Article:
Conversation with Sahaja Yogis, support the art, Pratisthan, Pune, Maharashtra, India. (1991-1214).
But compared to Western countries it’s so cheap here, I tell you. See the workmanship of it and really, it’s important thing. These great saris when you see the drape is so well done [UNCLEAR].
They may come in India, might be the ticket cheap. But the variation can make it even cheaper, much cheaper for me now with the variation. Last year it was 30 rupees I think or something less – 28 rupees. Now it is paying 48 rupees per a pound.
a Sahaja Yogi: It was 23 in March, Shri Mataji.
Hmm? Where? Per pound? Forty-eight. March it was 23? Really? What a take. Twenty-three it was, eh?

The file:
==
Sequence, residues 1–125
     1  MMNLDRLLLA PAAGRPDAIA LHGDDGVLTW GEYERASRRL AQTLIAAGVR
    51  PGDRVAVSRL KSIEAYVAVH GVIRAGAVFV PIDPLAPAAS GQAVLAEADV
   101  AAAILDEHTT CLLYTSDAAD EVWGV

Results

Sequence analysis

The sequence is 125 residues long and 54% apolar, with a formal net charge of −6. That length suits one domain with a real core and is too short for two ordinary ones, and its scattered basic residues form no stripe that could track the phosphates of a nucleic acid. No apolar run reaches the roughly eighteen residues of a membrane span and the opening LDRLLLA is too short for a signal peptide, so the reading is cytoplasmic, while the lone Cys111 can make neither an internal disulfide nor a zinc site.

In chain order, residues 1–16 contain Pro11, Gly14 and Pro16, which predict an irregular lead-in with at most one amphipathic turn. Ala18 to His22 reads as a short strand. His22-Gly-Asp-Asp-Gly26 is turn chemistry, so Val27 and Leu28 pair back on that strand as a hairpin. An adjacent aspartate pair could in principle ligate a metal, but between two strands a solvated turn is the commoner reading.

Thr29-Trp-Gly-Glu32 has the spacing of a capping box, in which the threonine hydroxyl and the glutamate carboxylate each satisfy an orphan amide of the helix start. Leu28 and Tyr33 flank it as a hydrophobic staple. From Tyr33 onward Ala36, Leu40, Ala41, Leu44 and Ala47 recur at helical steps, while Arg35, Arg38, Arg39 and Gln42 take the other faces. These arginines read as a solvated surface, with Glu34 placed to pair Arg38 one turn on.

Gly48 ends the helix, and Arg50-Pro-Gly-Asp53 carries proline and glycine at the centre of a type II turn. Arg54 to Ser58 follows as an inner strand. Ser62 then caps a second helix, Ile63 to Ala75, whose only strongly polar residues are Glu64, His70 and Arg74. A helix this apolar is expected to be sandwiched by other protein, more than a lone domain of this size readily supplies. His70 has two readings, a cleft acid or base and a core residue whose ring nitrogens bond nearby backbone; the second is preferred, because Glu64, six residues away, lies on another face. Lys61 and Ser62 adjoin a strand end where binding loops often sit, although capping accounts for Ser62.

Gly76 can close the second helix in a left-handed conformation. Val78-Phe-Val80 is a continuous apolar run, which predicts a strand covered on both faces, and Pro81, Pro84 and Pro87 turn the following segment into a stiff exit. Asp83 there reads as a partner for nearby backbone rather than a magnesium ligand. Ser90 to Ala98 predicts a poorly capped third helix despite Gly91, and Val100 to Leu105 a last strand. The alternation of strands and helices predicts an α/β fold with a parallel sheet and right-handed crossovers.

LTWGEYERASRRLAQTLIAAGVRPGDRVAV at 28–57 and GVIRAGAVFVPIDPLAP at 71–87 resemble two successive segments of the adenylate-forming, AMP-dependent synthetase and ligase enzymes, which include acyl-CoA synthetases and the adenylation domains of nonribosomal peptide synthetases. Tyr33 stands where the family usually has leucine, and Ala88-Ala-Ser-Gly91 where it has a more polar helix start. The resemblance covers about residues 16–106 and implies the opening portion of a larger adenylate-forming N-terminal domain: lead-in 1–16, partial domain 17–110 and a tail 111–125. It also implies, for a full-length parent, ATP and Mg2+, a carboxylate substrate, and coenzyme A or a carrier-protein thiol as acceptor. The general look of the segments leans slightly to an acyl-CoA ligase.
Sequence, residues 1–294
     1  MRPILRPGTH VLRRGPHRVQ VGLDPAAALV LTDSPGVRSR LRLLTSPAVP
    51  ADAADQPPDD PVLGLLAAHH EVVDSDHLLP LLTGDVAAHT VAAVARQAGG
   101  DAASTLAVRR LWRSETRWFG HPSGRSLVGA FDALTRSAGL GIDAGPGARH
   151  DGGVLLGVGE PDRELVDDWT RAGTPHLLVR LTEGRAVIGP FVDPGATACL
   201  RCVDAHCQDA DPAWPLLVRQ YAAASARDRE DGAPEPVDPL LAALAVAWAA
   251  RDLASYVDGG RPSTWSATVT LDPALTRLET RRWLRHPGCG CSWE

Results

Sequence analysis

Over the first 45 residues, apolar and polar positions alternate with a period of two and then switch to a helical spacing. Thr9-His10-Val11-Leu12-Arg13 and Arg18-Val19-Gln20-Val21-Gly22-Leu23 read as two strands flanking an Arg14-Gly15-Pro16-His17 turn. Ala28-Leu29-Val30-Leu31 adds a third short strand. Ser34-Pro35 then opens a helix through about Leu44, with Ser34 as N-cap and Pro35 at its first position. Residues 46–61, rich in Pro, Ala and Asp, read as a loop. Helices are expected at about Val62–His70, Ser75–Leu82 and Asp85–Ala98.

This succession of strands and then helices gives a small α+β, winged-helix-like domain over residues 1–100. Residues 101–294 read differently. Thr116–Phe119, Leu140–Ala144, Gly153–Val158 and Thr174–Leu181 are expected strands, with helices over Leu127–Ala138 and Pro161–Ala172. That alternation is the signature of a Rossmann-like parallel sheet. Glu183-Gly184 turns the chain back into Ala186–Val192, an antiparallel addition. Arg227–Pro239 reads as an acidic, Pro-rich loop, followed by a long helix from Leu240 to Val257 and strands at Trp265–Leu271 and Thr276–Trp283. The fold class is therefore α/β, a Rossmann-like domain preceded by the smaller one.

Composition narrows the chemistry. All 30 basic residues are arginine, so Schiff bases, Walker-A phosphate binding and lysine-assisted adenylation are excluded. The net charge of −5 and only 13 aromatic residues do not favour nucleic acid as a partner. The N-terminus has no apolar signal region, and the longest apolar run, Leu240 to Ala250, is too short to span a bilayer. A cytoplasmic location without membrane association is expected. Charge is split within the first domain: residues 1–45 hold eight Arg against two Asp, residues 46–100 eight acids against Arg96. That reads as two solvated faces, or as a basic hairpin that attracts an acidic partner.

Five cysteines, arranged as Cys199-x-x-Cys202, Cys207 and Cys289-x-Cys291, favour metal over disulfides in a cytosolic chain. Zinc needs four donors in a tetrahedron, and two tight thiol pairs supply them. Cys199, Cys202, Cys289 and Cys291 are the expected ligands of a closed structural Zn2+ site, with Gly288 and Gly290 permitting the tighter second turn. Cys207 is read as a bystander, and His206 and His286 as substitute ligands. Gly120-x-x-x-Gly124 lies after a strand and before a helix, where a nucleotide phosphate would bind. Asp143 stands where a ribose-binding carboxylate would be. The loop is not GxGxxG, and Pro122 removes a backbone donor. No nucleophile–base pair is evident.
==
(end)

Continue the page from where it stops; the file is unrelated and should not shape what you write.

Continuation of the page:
But it doesn’t help in the country because they can shoot up the prices, you see. But the average people, they are not having foreign exchange with them, so they put up everything. I don’t know why. With the variation everything they have raised, I mean, eating, temples and all this.
See, it’s very impressive. There may be something but …. At least what I always feel that the art should not die, whatever it is – would it be the variation, in-variation, whatever it is – but it should not kill the art of the country. But sometimes it does.
India is so full of art, such a lot of things. But if they get very hard on them, they may just give up and they may become just labours, something labourers or something. They might give up the art. People can’t buy if it’s expensive then the art is lost.
Look at this table now, how it’s finished. People like the old stuff, liked, for generations. It is carved inside and this metal is just beaten onto it; it’s very thin. Inside it is all carved. Tremendous work. Cost you nothing. But if you don’t pay for the art then it will die out, it will die out. It’s a big problem everywhere, in every country.